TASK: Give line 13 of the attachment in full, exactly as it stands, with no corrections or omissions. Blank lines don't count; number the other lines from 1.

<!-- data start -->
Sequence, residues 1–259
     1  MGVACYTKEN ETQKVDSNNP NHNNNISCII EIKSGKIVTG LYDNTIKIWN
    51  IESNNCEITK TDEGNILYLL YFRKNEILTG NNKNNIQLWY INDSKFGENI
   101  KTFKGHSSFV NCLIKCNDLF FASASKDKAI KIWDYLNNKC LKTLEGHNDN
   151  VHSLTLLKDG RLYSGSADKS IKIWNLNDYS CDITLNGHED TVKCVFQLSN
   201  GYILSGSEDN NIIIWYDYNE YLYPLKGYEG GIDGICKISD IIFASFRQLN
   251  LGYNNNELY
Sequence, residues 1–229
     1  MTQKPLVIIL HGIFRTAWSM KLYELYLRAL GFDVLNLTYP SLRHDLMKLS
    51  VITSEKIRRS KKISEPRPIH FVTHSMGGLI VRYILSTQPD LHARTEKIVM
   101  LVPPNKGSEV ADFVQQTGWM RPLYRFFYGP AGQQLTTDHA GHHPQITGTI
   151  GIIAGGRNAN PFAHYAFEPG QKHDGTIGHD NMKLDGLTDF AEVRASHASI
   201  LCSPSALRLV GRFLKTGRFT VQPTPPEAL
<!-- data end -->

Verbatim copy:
   201  LCSPSALRLV GRFLKTGRFT VQPTPPEAL